Romantic relationships start out as enjoyable and exciting, but often times become routine and boring. Routine and boring can nix any relationship especially if it is new.
Wayne State University Study
A study performed at Wayne State University study showed that dating couples that spend time with other couples are more likely to have happy and satisfying romantic relationships. Richard B. Slatcher, Ph.D., assistant professor of psychology in WSU's College of Liberal Arts and Sciences and a resident of Birmingham, Mich., specializes in social and health psychology. His recent research suggests that spending quality time with other couples may be an important way to improve long-term dating relationships that can lead to marriage.
Slatcher named his study, "When Harry and Sally met Dick and Jane: Experimentally creating closeness between couples," which recently appeared in Personal Relationships. The study looked at sixty couples who were dating controlled laboratory setting. “The object was to better understand how friendships between couples are formed, and to learn how these friendships affected each couple's romantic relationship.”
“Each couple was paired with another couple and given a set of questions to discuss as a group. Half of the groups were given high-disclosure questions intended to spark intense discussion, while the other half were given small-talk questions that focused on everyday, unemotional activities.”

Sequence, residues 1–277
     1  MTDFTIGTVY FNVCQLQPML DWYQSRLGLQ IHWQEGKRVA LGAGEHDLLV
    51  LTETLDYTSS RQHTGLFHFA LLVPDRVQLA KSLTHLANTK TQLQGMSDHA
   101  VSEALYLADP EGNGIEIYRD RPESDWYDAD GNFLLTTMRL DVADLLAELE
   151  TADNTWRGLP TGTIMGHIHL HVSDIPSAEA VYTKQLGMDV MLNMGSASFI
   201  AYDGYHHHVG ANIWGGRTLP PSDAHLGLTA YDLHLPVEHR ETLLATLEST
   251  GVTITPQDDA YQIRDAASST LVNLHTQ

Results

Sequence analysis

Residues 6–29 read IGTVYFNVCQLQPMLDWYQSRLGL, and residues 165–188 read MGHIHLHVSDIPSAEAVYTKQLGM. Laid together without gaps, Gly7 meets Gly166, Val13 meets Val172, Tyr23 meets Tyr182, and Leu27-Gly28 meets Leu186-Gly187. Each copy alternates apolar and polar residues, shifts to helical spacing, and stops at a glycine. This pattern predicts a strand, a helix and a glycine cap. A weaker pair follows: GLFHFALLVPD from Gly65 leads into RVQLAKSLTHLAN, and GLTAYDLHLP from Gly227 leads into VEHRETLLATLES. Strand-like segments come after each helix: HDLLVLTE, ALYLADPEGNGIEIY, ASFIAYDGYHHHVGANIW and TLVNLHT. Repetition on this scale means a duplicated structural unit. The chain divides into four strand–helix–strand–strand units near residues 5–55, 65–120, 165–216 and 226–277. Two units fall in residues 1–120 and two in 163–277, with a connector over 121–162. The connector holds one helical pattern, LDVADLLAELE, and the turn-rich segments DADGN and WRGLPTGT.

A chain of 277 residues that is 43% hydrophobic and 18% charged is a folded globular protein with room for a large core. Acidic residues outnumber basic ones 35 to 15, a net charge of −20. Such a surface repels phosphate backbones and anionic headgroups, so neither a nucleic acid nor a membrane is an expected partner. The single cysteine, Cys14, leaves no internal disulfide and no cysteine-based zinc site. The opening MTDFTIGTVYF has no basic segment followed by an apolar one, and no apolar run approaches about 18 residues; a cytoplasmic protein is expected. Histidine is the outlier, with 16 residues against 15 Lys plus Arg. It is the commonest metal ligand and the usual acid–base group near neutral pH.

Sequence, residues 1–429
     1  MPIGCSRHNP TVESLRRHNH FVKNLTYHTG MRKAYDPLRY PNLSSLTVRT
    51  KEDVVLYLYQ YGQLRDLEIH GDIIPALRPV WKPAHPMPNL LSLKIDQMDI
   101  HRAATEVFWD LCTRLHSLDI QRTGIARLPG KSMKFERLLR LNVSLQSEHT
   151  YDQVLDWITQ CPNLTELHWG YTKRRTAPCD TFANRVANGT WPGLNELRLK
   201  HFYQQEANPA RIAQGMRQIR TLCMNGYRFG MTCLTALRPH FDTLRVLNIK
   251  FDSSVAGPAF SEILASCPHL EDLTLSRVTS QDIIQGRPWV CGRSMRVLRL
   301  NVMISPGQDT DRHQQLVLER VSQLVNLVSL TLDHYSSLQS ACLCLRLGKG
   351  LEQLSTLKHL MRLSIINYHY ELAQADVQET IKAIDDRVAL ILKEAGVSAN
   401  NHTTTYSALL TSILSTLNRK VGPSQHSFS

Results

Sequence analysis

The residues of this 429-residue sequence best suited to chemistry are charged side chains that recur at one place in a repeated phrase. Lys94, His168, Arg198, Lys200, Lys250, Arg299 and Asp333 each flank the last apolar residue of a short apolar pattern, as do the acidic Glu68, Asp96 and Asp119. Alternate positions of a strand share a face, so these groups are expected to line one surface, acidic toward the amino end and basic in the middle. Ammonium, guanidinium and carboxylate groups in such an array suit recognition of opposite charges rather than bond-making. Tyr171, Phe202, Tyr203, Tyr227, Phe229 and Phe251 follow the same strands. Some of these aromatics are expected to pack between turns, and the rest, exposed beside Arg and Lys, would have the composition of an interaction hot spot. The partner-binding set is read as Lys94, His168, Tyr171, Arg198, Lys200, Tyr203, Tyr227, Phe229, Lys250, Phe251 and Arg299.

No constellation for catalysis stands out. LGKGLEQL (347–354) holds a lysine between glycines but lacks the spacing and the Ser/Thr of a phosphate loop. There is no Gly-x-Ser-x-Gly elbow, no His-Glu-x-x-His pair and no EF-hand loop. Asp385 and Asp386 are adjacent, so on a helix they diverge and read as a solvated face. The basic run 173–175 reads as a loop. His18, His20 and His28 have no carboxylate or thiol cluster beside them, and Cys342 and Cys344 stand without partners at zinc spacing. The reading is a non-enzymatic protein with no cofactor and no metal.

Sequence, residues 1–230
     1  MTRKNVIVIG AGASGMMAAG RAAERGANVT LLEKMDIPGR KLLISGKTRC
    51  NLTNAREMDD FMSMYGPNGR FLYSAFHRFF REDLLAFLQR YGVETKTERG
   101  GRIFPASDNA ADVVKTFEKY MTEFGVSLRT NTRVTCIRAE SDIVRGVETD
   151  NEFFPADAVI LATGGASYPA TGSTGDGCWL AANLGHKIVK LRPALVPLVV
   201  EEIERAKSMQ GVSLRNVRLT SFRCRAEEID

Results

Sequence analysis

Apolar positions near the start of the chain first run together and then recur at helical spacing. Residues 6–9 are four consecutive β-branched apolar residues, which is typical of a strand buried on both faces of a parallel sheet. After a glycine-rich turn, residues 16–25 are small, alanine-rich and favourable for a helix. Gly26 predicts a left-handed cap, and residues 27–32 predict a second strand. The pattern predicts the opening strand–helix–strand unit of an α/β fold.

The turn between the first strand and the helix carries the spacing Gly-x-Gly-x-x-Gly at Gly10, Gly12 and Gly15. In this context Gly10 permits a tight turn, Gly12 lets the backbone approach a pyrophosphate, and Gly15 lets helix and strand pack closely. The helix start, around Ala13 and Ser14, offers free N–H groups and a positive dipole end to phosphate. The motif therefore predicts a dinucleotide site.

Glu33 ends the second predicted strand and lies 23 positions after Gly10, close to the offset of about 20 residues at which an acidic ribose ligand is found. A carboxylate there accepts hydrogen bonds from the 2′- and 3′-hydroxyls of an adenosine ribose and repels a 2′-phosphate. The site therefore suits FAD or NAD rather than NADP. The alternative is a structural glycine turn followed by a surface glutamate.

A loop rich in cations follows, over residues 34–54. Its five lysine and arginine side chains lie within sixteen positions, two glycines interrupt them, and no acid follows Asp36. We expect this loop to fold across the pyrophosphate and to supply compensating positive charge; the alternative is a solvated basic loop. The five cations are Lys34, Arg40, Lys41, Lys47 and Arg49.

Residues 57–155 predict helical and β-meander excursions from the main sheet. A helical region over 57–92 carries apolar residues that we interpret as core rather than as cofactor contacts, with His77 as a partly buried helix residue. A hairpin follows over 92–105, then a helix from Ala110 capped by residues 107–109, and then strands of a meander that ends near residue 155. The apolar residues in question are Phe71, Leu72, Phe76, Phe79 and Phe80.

The Study Results
Slatcher and his colleagues discovered that the couples who were put in the group that were given the small-talk questions were more less likely to develop friendships with the other couple. In fact, none of the couples they were paired with contacted each other after the study. The couples stated that after the study, they felt closer to their partner and their relationship had improved. Perhaps because each individual in their own way learned to appreciate their partner more after the experience.
The couples that were given high-disclosure questions reported greater increases in positive feelings after the intense interaction. In addition, one-third of the couples in the high-disclosure group contacted the other couple they met in the study to get together.
"This study suggests that if your romantic relationship has a case of the doldrums, having fun with another couple may help make your own relationship more satisfying," said Slatcher.